Let’s dive into Part 3 of the blog series ‘Getting Started with Git’. In this blog, we will explore the basics of GitLab. A few fundamentals of GitLab that will be covered are:
- Creating a project and cloning it
- Creating branches, making changes and pushing back to GitLab
Creating a Project and cloning it
You can create a GitLab account yourself or you can request your IT team (if working in an organization) to create one for you. If, like me, you got the IT team to create it for you, all you need to do is visit the URL of your company’s gitlab account and login with your credentials. In my case, clicking on the Ignitarium logo directs me to a page which looks something like this. A new user does not see any Projects in this listing. Since I have already worked on a few projects, those are listed here.
Now click on . You will be directed to a page which looks like this.
When you click on Create blank project, you’ll be directed to a page looks like this
You can then add basic project information:
- Project name
- Project description
- Check on Initialize repository with a README.
Then upon clicking , you’ll be directed to a page which looks like this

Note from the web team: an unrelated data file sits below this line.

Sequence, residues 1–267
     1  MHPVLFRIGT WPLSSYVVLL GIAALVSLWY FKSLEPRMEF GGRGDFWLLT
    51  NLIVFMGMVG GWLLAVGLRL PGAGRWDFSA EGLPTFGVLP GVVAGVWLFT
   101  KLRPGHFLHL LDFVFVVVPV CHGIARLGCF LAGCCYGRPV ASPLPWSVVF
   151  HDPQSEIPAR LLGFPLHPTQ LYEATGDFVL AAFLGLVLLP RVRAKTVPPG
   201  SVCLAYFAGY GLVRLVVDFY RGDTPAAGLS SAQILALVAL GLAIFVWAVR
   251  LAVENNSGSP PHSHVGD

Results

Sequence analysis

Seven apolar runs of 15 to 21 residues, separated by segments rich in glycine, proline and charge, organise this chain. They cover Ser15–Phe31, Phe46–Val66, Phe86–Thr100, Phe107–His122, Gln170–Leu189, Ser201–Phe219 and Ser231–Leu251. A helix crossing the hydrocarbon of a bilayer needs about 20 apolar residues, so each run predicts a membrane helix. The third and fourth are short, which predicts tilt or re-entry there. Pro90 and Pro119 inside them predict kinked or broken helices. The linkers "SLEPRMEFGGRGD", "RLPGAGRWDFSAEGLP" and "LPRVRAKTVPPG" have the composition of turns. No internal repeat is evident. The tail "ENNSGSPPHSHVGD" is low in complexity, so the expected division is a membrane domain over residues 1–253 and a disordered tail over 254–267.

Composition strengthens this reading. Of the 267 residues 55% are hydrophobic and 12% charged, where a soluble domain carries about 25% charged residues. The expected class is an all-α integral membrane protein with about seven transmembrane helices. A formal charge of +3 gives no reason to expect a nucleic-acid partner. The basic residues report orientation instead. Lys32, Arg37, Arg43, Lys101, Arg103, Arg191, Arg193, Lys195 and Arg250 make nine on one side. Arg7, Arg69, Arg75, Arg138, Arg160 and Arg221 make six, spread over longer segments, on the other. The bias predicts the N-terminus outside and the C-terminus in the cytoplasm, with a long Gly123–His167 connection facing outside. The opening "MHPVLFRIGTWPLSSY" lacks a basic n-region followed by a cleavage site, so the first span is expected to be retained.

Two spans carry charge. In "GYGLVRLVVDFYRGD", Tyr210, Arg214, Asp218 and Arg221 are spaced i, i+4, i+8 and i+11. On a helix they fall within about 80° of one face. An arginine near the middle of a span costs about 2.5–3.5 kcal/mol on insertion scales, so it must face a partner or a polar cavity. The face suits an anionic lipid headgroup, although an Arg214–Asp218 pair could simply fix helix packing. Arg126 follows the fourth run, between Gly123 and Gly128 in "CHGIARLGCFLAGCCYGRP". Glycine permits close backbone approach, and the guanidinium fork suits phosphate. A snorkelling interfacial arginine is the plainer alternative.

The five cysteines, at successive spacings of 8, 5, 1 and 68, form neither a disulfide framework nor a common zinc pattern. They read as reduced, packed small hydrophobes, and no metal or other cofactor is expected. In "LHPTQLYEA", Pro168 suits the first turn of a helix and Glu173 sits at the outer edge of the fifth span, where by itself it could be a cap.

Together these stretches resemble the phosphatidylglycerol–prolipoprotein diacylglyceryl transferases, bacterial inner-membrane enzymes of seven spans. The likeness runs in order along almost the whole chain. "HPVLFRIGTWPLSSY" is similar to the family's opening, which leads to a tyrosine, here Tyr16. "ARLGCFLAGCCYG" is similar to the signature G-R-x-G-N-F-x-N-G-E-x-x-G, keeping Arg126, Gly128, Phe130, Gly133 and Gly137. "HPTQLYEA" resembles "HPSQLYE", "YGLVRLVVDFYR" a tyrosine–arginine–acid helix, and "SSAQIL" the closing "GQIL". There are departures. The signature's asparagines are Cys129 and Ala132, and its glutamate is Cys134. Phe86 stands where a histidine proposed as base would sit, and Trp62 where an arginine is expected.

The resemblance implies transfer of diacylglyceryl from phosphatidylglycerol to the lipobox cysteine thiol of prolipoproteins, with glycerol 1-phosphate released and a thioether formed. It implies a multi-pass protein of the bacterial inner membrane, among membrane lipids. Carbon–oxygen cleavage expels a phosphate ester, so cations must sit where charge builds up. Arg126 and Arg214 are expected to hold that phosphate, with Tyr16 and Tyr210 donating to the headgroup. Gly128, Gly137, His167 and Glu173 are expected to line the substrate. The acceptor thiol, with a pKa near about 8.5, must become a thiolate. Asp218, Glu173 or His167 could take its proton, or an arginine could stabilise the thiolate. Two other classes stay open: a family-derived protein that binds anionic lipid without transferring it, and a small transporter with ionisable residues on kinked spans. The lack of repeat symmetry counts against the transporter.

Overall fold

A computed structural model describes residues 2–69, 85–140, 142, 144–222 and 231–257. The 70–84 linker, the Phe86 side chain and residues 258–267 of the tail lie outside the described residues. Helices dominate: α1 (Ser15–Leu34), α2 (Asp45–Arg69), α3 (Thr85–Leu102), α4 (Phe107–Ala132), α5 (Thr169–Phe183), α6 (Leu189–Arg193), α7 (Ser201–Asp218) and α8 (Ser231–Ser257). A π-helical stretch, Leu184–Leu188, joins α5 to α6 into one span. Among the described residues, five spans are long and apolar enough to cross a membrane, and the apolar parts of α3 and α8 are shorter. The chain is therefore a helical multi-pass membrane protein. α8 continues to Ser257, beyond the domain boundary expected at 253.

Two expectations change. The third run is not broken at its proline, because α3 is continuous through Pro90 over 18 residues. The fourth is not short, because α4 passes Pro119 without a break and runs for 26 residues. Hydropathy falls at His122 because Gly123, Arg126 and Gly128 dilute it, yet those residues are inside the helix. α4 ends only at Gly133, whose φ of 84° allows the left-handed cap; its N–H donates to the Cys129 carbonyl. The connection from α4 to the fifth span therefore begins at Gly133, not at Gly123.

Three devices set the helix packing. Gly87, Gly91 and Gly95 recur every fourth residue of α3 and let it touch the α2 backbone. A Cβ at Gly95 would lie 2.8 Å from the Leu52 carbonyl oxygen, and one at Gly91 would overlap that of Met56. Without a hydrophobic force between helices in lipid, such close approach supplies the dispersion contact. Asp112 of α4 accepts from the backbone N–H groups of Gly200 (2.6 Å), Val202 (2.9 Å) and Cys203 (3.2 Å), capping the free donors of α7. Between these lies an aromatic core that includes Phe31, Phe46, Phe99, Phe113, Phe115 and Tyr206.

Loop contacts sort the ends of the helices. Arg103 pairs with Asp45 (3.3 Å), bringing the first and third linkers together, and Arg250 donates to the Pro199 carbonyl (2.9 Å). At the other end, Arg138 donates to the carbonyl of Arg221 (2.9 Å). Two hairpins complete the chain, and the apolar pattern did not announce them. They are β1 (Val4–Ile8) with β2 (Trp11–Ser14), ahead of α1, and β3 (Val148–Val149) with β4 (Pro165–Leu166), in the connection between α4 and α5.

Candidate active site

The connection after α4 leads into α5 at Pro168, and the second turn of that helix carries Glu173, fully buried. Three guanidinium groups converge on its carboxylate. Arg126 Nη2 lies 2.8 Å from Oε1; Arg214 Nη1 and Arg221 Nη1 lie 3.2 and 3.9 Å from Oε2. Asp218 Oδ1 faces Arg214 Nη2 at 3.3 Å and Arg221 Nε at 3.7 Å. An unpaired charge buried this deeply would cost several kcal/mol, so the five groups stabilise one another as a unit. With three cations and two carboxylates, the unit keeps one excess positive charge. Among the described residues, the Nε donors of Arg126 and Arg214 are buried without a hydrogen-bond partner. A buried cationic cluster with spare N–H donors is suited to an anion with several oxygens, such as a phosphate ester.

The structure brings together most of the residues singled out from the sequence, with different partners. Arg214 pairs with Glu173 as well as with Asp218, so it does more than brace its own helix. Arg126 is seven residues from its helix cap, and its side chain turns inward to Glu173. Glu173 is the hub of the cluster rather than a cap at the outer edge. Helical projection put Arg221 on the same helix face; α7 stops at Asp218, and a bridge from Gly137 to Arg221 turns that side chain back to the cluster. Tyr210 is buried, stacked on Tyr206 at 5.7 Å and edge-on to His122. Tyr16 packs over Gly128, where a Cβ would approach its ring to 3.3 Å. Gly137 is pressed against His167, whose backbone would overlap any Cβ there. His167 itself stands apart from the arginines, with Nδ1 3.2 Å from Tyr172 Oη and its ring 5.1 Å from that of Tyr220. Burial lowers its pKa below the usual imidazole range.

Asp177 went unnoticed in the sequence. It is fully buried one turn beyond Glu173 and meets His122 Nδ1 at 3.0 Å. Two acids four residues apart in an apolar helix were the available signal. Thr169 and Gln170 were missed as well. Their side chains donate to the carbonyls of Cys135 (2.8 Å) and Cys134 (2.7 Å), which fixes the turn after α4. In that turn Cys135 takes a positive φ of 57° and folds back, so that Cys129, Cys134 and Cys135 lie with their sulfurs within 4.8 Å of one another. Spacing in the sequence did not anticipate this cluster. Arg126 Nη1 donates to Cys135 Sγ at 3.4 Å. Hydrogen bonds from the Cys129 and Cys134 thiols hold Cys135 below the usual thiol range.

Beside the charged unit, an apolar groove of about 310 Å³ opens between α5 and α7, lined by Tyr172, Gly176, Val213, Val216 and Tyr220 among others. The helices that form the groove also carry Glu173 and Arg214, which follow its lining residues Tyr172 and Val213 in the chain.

Let’s clone it into our local repository and make some changes in it. In order to clone this project (same as GitHub), we need to copy this https code and use it along with the ‘git clone’ command in our terminal.
Creating branches, making changes and pushing back to GitLab
To clone the repo using https link.
To open a cloned directory and to check number of branches in it
To create a new branch and check whether it’s created (or) not.
Here we are switching from master branch to new_branch and checking whether the switching happened successfully or not
Here, we have created an addme.py file in the current repo and are listing all the directories and files in the current repo and checking the status of repo.
Here we are adding the addme.py file into the staging part and checking the status
Once we add the files into staging, we need to commit it to the local repository. For that we used the help of ‘git commit’, where -m is used to type a message for committing the changes.
Not a Mandatory stepHere we’re merging the new_branch with master branch.
Finally we are pushing it back to GitLab.
As a result we can see that a new file (addme.py) is added into GitLab.
Summarizing ‘Getting Started with GitLab’
In this blog we have seen:
- How to create an empty project in GitLab.
- How to clone it to your local working directory
- How to create a new branch and add files into that branch
- How to merge it with the master branch and finally
- How to push it to GitLab.
Hence we are winding up our series Getting Started with Git with Getting Started with GitLab hope you enjoyed this final blog.
For the first two blogs in this series, you can visit the below two blog pages: